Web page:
For one, while we do spend a lot of time on our devices, it’s unlikely that we spend up to 12 hours directly in front of them every day, or that they’re turned up bright enough or angled correctly to give us the full brunt of their light.

And speaking of brunt, the blue light that we can expect to receive from our devices isn’t really that strong anyway. When talking about how much light intensity is received from photon flux, which is measured in joules per square centimeter, researchers use a different measurement called irradiance. According to a blog post by chemistry Ph.D. and science educator Michelle Wong, the irradiance of light from our screens in past trials has only ever been measured as high as 9.7 microwatts per square centimeter. This is still considerably lower than levels during, say, summer in Texas which is around 5000 microwatts per square centimeter, according to a 2012 study in the Journal of Investigative Dermatology.

In order to reach damaging levels of intensity described in previous blue light studies, which Wong found used an average flux of 40 joules per square centimeter, users would have to spend weeks to months in front of their devices, which is clearly much longer than the 12 hours the flies endured.

That said, should you spend every waking hour in front of your screen? Probably not. But will it result in rapid aging if you do? Again, probably not.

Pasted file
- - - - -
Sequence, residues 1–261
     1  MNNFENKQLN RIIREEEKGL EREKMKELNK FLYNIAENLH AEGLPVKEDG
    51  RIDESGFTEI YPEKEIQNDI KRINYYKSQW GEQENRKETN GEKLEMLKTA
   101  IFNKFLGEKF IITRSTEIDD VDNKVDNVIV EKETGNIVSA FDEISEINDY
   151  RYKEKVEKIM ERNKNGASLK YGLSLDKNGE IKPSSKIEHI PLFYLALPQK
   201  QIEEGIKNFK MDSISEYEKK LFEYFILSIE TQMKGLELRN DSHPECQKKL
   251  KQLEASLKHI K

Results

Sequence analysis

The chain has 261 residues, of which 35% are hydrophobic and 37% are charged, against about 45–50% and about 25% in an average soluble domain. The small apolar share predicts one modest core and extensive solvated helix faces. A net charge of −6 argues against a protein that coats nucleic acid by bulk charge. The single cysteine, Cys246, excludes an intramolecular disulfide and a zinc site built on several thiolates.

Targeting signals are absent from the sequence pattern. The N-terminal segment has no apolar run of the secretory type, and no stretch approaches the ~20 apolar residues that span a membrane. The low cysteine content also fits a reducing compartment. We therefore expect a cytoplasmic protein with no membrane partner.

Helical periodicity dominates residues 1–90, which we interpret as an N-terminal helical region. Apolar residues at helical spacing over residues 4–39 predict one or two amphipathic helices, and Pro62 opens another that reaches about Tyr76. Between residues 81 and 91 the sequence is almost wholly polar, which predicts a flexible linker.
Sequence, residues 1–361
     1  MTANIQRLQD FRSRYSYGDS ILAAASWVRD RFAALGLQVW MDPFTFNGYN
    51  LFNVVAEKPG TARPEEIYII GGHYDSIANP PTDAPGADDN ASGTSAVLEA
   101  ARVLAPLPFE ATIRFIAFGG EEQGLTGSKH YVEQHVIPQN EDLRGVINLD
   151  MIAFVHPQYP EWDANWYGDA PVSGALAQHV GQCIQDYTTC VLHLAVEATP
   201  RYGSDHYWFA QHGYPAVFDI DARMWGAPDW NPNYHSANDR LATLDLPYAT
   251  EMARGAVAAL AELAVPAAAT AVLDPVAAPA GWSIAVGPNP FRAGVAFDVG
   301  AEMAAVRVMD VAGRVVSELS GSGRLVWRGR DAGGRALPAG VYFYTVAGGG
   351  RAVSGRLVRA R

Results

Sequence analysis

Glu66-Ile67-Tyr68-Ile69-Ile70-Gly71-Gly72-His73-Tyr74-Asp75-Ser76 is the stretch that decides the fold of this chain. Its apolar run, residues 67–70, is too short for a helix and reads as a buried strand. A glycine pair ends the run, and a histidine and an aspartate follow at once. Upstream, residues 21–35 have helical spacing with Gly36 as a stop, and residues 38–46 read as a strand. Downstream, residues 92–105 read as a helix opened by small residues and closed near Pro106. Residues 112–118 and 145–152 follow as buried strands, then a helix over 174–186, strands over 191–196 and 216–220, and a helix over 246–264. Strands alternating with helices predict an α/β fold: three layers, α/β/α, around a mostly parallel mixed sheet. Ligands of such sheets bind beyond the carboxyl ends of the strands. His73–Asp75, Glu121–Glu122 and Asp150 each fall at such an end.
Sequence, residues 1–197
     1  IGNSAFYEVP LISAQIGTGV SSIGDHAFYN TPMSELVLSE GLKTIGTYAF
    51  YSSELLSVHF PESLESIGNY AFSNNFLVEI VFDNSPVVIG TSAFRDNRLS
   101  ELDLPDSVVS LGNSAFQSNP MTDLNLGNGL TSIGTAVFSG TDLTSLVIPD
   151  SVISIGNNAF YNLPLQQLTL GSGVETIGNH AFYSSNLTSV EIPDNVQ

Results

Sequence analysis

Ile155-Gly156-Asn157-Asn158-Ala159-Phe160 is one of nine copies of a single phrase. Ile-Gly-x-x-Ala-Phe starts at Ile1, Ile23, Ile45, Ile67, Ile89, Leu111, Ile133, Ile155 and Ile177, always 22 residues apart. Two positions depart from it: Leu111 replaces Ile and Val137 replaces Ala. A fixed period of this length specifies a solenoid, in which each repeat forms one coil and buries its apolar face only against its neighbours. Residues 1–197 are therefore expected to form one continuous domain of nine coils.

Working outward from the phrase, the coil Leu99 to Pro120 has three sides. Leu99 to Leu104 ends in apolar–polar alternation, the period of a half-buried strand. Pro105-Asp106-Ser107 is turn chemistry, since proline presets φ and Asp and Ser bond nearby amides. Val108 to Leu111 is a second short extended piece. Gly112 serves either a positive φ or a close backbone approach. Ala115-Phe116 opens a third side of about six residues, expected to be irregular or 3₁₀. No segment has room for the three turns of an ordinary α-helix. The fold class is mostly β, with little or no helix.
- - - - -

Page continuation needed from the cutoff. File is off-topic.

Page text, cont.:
Light is necessary for life, but prolonged exposure to artificial light is a matter of increasing health concern. Humans are exposed to increased amounts of light in the blue spectrum produced by light-emitting diodes (LEDs), which can interfere with normal sleep cycles. The LED technologies are relatively new; therefore, the long-term effects of exposure to blue light across the lifespan are not understood. We investigated the effects of light in the model organism, Drosophila melanogaster, and determined that flies maintained in daily cycles of 12-h blue LED and 12-h darkness had significantly reduced longevity compared with flies maintained in constant darkness or in white light with blue wavelengths blocked. Exposure of adult flies to 12 h of blue light per day accelerated aging phenotypes causing damage to retinal cells, brain neurodegeneration, and impaired locomotion. We report that brain damage and locomotor impairments do not depend on the degeneration in the retina, as these phenotypes were evident under blue light in flies with genetically ablated eyes. Blue light induces expression of stress-responsive genes in old flies but not in young, suggesting that cumulative light exposure acts as a stressor during aging. We also determined that several known blue-light-sensitive proteins are not acting in pathways mediating detrimental light effects. Our study reveals the unexpected effects of blue light on fly brain and establishes Drosophila as a model in which to investigate long-term effects of blue light at the cellular and organismal level.